NASA will install a “parking space” on the International Space Station (ISS) Friday so private companies, like Boeing and SpaceX, can dock with the station.
Astronauts will install adapters that allow commercial spacecraft to dock and give NASA less expensive options to resupply the station. Boeing and SpaceX plan to use the new “parking space” to dock spacecraft with the space station starting next year.
SpaceX has already successfully resupplied the ISS seven times. One SpaceX resupply mission in June of 2015 resulted in an explosion and a total loss of the spacecraft. The private company Orbital Sciences is also under contract with the space agency to resupply the ISS, but has also had failures.
Since the Space Shuttle was discontinued in 2011, NASA has had to pay Russia million to take its astronauts to the ISS.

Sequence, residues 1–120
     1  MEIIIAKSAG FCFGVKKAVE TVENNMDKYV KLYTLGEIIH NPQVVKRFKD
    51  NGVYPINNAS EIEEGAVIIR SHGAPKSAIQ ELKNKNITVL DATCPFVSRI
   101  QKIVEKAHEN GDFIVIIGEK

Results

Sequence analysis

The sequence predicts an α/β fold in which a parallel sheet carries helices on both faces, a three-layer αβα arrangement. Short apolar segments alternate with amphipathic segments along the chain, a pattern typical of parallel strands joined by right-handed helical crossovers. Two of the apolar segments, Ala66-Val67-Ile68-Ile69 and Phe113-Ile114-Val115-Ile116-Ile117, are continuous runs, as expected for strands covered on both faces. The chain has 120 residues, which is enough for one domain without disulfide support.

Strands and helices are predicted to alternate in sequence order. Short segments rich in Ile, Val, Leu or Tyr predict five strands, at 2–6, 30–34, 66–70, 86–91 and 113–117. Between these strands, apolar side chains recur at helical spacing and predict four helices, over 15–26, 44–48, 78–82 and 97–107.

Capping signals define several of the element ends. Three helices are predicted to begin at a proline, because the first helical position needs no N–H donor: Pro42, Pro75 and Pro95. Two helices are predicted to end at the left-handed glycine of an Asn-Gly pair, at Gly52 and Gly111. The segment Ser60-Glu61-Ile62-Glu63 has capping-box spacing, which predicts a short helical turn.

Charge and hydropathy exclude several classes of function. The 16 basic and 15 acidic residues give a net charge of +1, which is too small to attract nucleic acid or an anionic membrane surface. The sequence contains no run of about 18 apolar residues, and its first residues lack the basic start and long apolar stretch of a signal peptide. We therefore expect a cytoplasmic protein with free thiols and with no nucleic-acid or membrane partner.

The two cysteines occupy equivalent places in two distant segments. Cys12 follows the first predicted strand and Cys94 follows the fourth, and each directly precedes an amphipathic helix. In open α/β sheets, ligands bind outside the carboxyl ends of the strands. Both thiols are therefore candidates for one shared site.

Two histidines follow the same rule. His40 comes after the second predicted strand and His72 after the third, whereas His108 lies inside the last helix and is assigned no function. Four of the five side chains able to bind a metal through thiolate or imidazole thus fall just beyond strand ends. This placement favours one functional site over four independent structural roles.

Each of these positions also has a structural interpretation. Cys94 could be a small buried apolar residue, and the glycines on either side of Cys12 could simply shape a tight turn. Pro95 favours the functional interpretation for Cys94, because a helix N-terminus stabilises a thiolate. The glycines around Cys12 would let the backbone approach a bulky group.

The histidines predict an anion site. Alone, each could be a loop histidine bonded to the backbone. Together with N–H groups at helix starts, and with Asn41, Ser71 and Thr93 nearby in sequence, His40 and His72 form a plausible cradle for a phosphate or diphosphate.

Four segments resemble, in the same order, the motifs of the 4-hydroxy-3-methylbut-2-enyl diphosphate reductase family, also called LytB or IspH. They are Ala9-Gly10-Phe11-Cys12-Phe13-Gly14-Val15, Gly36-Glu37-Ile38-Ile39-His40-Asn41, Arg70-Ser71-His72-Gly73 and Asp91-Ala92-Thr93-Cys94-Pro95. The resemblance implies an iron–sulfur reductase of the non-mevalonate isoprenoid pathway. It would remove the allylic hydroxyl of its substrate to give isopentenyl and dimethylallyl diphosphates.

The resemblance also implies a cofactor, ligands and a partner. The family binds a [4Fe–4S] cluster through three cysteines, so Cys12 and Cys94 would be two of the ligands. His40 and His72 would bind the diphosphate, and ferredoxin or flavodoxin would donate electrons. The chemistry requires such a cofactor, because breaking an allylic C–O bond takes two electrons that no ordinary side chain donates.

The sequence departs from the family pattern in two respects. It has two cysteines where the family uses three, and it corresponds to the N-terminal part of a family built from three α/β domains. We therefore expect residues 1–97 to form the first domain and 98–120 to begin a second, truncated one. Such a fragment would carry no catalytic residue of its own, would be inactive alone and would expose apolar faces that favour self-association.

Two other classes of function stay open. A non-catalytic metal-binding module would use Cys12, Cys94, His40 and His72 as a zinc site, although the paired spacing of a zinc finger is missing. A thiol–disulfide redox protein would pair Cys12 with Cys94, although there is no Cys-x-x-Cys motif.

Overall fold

SpaceX, Boeing and several other companies have made huge advancements in reusable rocketry in recent years, which has the potential to greatly lower the costs of getting into space. SpaceX’s President Gwynne Shotwell estimates reusing rockets could cause a 30 percent reduction in launch costs. A single launch of SpaceX’s Falcon 9 rocket costs around $54 million, but that’s still cheaper than NASA’s Space Shuttle design, which costed more than $1.6 billion per launch.
Blue Origin, a private space company set up by Amazon.com founder Jeff Bezos, successfully launched and recovered the first reusable rocket last November.
NASA hasn’t launched an astronaut into space for five years without Russian cooperation because President Barack Obama cut the agency’s spaceflight capability. Obama threatened to veto NASA’s attempts to build rockets, and tried to divert space exploration funding into global warming programs. Two senators even accused the Obama administration of leaking information to the press about the Mars programs.
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